Launch Slideshow

AIA 2010 Housing Awards / One- and Two-Family Award Winners

AIA 2010 Housing Awards / One- and Two-Family Award Winners

  • One/Two-Family Custom Housing

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    Ethan Kaplan Photography

    The Diamond Project by Terry & Terry Architecture scales its uphill lot with grace and skill. Interiors and exteriors are unified through the use of simple materials—concrete, glass, natural wood—and clean, fuss-free detailing, creating a serene retreat from city life. Sloping roof planes echo the lot's rise.

  • One/Two-Family Custom Housing

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    Ethan Kaplan Photography

    A concrete wall forms each sidewall of the house and extends beyond the interior footprint to enclose a private garden, which is visually and physically accessible through the walls of sliding glass doors in the adjacent kitchen/living room and bedroom.

  • One/Two-Family Custom Housing

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    Doug Edmunds Studio

    A radical renovation, the Ferrous House by Johnsen Schmaling Architects reinvents an obsolete suburban production home with a resource-conscious replacement designed for contemporary lifestyles. The building's exterior is clad in weathering steel panels that offer a dark, rough contrast to the light-suffused, aerogel-filled polycarbonate clerestory glazing and tall slits of clear, energy-efficient windows.

  • One/Two-Family Custom Housing

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    Doug Edmunds Studio

    The house's new shed roof, raised above the structure's original roofline, is supported by exposed metal and wood trusses. The renovated interiors are a series of sleek, spacious, interconnected living spaces finished with warm, modern materials.

  • One/Two-Family Custom Housing

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    Nic Lehoux Photography

    Spanning one end of a forest-framed meadow and oriented to Western views of the Olympic Islands, Bohlin Cywinski Jackson's Port Townsend Residence is a long, slender structure primarily made of exposed steel, wood columns, wood beams and rafters, and reclaimed barnwood. The variety of materials used help reduce the building's scale and define each volume.

  • One/Two-Family Custom Housing

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    Nic Lehoux Photography

    The house's primary living spaces and bedrooms, in a volume mainly of wood and glass, are to the west of the steel structure, with wide scenic views.

  • One/Two-Family Custom Housing

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    Nic Lehoux Photography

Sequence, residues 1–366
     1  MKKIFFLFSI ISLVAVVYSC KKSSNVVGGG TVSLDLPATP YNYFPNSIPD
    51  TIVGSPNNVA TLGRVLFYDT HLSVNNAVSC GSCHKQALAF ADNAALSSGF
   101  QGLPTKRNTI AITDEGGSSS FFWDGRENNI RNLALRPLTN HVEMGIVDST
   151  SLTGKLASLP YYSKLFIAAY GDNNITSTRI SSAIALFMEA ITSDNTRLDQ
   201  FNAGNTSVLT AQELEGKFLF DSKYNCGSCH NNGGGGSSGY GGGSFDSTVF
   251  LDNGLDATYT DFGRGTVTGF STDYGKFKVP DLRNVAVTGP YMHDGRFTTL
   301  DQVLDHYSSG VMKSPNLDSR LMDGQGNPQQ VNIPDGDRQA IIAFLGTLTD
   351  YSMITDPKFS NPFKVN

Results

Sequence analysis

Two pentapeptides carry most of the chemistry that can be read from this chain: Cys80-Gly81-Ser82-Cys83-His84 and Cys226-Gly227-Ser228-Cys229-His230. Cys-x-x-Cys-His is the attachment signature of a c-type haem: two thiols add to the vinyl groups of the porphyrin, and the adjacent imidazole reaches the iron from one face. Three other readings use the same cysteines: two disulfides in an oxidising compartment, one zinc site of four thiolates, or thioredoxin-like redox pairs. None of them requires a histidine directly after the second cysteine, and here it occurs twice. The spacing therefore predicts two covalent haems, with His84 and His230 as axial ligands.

The guest cottage and office comprising Bohlin Cywinski Jackson's Dry Creek Outbuildings appear to float along the steep, forested bank of Dry Creek. The structures' solid wood fronts, interspersed with ribbons of window to allow views, face the property's entry drive and contain the buildings' service elements.

  • One/Two-Family Custom Housing

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    Nic Lehoux Photography

    Full-height glazed walls make up both outbuildings' rear volumes, opening their interiors to views of the creek banks. The exposed Douglas fir rafters extend through the living and working spaces to the exterior of each glass box, drawing the eye toward the outdoors. A shared gravel courtyard connects the two outbuildings.

  • One/Two-Family Custom Housing

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    Benjamin Benschneider

    Situated atop a marina warehouse, The Miller|Hull Partnership's Sky Ranch single-family residence serves as a caretaker's unit, providing contemporary living spaces complete with a bedroom, full kitchen, built-in shelving, rooftop gardens and deck, and views of the marina.

  • One/Two-Family Custom Housing

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    Benjamin Benschneider

    Built onto the warehouse's roof, Sky Ranch is essentially a small box on a big box, an idea the firm believes could be applied to the millions of square feet of available warehouse roofs in American cities.

  • One/Two-Family Custom Housing

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    Jeff Goldberg / Esto

    Joeb Moore + Partners Architects' highly conceptual Spiral House was conceived as an extension of the shoreline site's natural and social contexts. Vertical western red cedar battens reinterpret the coastal Connecticut vernacular of shingle-style board-and-batten siding.

  • One/Two-Family Custom Housing

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    Jeff Goldberg / Esto

    By juxtaposing projective and radial geometries, the house frames the scenery of its landscape, and its interior spaces flow into one another in a spiral that relates private to public and interior to exterior. The house's center also is the center of the spiral.

  • One/Two-Family Custom Housing

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    Nic Lehoux Photography

    Designed for year-round enjoyment, Bohlin Cywinski Jackson's Sheldon Gatehouse is a modest one-bedroom home with guest suite, both in separate volumes oriented around an outdoor courtyard with a stainless steel fireplace. The garage can be adapted to a studio/workspace.